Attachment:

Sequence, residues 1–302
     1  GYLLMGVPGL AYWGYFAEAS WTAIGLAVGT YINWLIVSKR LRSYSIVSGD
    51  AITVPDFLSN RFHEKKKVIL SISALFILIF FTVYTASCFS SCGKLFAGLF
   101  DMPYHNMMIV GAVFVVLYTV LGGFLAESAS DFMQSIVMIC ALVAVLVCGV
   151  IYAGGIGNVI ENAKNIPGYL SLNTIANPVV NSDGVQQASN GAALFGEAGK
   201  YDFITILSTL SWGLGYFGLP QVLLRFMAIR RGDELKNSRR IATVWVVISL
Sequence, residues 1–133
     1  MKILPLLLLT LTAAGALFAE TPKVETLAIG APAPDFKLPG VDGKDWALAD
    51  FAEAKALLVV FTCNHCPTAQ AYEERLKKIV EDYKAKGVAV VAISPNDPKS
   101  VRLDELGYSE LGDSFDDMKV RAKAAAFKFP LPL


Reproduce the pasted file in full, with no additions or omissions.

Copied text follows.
Sequence, residues 1–302
     1  GYLLMGVPGL AYWGYFAEAS WTAIGLAVGT YINWLIVSKR LRSYSIVSGD
    51  AITVPDFLSN RFHEKKKVIL SISALFILIF FTVYTASCFS SCGKLFAGLF
   101  DMPYHNMMIV GAVFVVLYTV LGGFLAESAS DFMQSIVMIC ALVAVLVCGV
   151  IYAGGIGNVI ENAKNIPGYL SLNTIANPVV NSDGVQQASN GAALFGEAGK
   201  YDFITILSTL SWGLGYFGLP QVLLRFMAIR RGDELKNSRR IATVWVVISL
Sequence, residues 1–133
     1  MKILPLLLLT LTAAGALFAE TPKVETLAIG APAPDFKLPG VDGKDWALAD
    51  FAEAKALLVV FTCNHCPTAQ AYEERLKKIV EDYKAKGVAV VAISPNDPKS
   101  VRLDELGYSE LGDSFDDMKV RAKAAAFKFP LPL